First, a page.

FIELD OF THE INVENTION

The present invention relates to ant colony optimization techniques and path searching between a start point and a destination. In particular, this invention relates to a path searching system using multiple groups of cooperating agents and method thereof.
BACKGROUND OF THE INVENTION

Searching for a path to meet one or more criteria is a common but difficult task in pickup & delivery services provided by organizations in industries such as, for example, tourism, transportation or logistics. In the art, path searching and tour routing are two basic versions of vehicle routing problems (VRPs).

In a typical situation for tour routing, a complete weighted graph G=(N,A,w) is provided, where N=(n_{0}, . . . , n_{n}) is set of nodes, A={a(i,j): i≠j)} is the set of arcs, and each arc a(i,j) has an associated weight w_{i,j}>0, which, for example, represents the distance between n_{i }and n_{j }in a road map. This typical situation assumes that M vehicles are located at a single depot (a node in the graph) or multiple depots (multiple nodes in the graph). Other nodes in the graph are called customer nodes. The objective of tour routing is to find optimal routes with minimum cost or shortest total traveling length such that every customer node is visited only once by exactly one vehicle and each vehicle starts and ends at its depot.

Unlike tour routing, the objective of path searching is to find the shortest path from a start node to a destination in a source graph. A difference between tour routing and path searching is that, in tour routing, the number of nodes to be visited is known. On the other hand, in path searching, the number of nodes for an optimal path solution is not known, which makes it difficult for a path searching system to find a path solution in a map. Searching for the optimal path solution is therefore complex when the number of nodes in a connection network is large.

Most existing path searching systems require source graphs, such as Dijkstra's algorithm, to be provided in a treestructure, which is a typical path selection algorithm. Other source graphs that are not in a treestructure are complex networks that consist of a large number of nodes, which are completely or partially interconnected to each other.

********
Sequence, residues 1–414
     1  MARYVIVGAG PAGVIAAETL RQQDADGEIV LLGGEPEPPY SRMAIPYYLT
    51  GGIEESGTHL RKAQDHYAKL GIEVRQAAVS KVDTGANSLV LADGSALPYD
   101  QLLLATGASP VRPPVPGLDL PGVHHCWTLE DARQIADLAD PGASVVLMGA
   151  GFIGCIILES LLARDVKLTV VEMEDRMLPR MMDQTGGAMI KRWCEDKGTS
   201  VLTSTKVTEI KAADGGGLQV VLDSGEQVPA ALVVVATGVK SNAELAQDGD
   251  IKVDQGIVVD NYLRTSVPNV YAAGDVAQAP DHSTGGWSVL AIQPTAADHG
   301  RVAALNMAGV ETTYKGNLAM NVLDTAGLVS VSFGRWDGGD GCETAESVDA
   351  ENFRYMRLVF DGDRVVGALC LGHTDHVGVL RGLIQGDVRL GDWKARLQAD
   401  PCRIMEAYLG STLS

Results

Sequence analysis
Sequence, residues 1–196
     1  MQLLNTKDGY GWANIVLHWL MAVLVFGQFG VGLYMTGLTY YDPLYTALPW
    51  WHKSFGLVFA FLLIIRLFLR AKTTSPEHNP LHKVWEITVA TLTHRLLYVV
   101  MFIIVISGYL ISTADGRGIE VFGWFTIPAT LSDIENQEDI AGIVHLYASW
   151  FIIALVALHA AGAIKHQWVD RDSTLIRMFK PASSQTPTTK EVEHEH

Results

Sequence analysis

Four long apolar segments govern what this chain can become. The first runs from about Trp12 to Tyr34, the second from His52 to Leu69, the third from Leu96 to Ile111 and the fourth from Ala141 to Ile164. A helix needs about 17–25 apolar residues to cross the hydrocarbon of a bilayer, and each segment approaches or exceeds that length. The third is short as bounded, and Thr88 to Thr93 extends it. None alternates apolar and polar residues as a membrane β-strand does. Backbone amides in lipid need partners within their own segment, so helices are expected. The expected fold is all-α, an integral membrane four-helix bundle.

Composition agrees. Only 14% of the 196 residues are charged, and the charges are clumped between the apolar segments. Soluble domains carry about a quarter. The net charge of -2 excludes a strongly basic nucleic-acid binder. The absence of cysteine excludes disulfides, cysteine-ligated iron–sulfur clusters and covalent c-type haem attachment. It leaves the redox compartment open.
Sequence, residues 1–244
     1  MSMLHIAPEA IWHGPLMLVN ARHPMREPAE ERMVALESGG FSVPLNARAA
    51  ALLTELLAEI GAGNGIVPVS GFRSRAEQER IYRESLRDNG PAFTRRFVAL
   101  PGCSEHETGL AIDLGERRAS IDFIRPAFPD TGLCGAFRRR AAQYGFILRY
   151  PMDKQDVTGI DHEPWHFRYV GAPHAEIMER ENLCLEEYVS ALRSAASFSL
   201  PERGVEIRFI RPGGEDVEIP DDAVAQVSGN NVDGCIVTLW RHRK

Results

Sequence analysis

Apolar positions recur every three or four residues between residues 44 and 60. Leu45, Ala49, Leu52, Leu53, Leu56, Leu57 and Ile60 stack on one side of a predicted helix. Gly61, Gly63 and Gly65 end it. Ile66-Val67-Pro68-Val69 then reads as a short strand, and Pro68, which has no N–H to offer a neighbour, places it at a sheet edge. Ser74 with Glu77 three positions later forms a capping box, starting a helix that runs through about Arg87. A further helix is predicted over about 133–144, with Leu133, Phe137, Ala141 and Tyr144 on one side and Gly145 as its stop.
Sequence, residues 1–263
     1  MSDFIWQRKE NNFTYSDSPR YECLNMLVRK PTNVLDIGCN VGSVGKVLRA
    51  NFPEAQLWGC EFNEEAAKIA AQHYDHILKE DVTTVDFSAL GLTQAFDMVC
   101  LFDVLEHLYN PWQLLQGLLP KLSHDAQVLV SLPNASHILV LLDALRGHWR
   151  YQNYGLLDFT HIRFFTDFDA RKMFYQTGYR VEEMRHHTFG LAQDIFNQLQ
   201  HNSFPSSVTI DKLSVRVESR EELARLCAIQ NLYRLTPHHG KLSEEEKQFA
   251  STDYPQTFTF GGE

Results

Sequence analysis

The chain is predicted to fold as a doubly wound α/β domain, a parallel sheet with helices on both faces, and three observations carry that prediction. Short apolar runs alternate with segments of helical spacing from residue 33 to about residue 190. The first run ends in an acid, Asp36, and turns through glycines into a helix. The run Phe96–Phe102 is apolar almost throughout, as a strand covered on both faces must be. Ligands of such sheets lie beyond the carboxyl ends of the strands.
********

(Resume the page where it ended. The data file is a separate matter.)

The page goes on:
In network communications, there are also routing techniques that resolve path routing problems to some extent. However, each of these routing techniques specifically resolve a particular situation for each of the path routing problems, and are therefore not suitable for path routing problems and, in particular, path searching based on a road map.

Genetic algorithms (GAs) provide another possible routing technique to obtain tour routing solutions when applied to, for example, the wellknown traveling salesman problem. However, existing GAs are not able to provide solutions to path searching problems because the number of nodes in a path from a start node to a final destination is not known in path searching until a path solution is generated. In other words, it is not possible to apply GAs in path searching because the number of nodes is not known and cannot therefore provide a fixed length of chromosomes required by existing GAs.

Another approach to solve vehicle routing problems has been developed using what is known as ant colony optimization. M. Dorigo, and V. Maniezzo and A. Coloni initially deduced the ACO metaheuristic in ant colony optimization by studying the behavior of real ants establishing the shortest path from their colony to feeding sources and back. The ACO metaheuristic was then applied to solve various combinatorial optimization problems such as the traveling salesman problem and tour routing. In a related development, Bullnheimer, Hartl and Strauss developed an improved ant system for the vehicle routing problem.

Briefly, the ant colony optimization (ACO) algorithm is a metaheuristic technique that makes use of simple cooperating agent called artificial ants. The ants iteratively construct candidate solution to a combinatorial optimization problem. An individual ant constructs a candidate solution by starting with an empty solution, and then iteratively adds solution components, which is selected using local search heuristic and pheromone deposited, if any, until a complete candidate solution is generated. After the solution construction is completed, the ants give feedback on the solutions they have constructed by depositing pheromone on possible paths using global pheromone updating rules. Solution components, which are better or partially better, are used by more ants, and therefore receive a higher amount of pheromone until an optimal solution is found.